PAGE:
We can also modulate metabolic enzyme activity through use of concomitant medications. In fact, drug-drug interactions could unmask subtle effects of allelic polymorphisms. An example of such has been reported with CYP3A5. Suh, et al. reported that homozygotes for a poorly functional allele, CYP3A5*3, did not display any difference from noncarriers in platelet response to clopidogrel under baseline conditions. However, when these patients were given itraconazole, a potent CYP3A4 inhibitor, clopidogrel’s platelet inhibition was markedly reduced in the homozygotes, but unchanged in the noncarriers.38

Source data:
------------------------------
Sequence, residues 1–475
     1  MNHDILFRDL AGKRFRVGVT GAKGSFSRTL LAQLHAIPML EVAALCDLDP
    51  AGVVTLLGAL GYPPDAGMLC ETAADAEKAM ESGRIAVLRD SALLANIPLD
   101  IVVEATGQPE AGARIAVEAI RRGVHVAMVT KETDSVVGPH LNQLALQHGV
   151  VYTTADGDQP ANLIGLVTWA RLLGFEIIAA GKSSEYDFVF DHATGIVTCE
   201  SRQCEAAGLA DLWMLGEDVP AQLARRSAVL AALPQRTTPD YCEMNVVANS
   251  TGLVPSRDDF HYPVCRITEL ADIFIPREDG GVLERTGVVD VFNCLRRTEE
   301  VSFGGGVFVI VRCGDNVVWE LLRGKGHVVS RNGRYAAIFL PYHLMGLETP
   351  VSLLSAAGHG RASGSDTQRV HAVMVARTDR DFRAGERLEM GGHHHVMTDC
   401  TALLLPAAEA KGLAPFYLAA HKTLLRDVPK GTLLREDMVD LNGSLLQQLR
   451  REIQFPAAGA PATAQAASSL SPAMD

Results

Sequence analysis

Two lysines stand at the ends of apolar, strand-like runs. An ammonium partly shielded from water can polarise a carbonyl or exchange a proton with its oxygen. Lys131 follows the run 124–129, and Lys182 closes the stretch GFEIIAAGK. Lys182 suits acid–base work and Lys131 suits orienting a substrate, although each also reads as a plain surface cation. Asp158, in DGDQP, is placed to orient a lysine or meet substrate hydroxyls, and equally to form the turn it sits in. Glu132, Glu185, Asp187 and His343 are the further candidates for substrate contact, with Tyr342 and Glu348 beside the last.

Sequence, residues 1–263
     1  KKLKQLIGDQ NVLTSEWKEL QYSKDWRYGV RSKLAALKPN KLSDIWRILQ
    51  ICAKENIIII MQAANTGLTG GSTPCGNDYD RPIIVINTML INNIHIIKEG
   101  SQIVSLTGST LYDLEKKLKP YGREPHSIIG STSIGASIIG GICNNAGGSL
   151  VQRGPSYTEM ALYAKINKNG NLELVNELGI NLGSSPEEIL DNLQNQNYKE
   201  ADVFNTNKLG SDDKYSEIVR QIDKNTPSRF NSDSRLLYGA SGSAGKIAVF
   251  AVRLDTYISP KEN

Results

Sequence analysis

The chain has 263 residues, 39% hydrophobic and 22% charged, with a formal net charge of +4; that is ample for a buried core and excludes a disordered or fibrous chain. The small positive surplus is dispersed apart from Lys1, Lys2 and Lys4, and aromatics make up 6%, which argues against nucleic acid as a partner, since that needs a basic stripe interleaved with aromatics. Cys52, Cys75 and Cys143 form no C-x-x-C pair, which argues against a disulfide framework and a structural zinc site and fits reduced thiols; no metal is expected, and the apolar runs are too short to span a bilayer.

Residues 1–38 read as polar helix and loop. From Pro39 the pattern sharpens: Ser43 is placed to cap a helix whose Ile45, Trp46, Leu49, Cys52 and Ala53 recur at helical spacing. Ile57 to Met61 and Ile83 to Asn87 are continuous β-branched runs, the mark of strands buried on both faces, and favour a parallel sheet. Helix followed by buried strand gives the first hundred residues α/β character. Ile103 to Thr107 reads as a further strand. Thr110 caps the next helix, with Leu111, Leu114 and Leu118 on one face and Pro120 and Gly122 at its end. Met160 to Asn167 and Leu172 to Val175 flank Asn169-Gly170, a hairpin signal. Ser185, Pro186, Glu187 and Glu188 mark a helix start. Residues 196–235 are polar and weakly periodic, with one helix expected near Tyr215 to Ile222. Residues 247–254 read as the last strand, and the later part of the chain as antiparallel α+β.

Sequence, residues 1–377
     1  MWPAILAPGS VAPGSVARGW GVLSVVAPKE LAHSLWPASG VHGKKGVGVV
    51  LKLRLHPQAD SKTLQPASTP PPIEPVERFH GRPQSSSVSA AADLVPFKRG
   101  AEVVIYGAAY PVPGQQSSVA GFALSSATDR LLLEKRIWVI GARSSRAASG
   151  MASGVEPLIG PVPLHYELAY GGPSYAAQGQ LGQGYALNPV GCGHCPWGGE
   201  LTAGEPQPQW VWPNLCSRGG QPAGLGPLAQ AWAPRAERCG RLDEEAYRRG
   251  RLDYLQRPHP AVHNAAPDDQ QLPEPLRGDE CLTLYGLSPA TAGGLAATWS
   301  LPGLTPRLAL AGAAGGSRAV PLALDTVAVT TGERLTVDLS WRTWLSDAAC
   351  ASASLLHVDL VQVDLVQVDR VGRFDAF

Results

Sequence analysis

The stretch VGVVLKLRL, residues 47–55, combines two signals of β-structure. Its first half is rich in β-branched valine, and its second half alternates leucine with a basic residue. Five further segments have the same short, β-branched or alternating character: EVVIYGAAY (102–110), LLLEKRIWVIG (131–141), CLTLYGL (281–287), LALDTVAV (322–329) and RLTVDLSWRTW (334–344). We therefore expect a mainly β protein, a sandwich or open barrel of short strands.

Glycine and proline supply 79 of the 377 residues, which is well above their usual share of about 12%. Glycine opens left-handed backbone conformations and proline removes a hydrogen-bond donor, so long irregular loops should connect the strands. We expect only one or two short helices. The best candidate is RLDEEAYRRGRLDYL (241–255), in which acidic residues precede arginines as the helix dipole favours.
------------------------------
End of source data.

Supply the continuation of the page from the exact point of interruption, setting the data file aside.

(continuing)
The drug interaction that has far and away generated the most discussion and investigation is the inhibition of CYP2C19 by proton pump inhibitors (PPIs). In 2008, the American College of Gastroenterology, American College of Cardiology, and American Heart Association issued a consensus document that recommended the use of PPIs if patients were using dual antiplatelet therapy in order to reduce GI bleeding complications.39 That same year, the OCLA (Omeprazole CLopidogrel Aspirin) study was published, describing how concurrent use of omeprazole significantly diminished clopidogrel’s platelet inhibition.40 Since then, there has been a nearly constant barrage of studies on the topic, much of it contradictory.41 Reflecting the changing nature of the data, there have been four label changes to the Plavix® package insert in that time span. The most recent, and probably most applicable, data come from the COGENT trial.42 In this trial, 3761 patients were all treated with dual antiplatelet therapy, and then randomized to receive omeprazole or placebo. Use of omeprazole significantly reduced GI endpoints (OR 0.34, 95% CI; 0.18–0.63), without any apparent increase in cardiovascular events (OR 0.99, 95% CI; 0.68–1.44). The trial was stopped early due to funding issues, and did not utilize cardiovascular endpoints for their primary goals, but it does represent the largest trial to address the issue in a randomized fashion. Regardless, this topic will remain controversial for some time.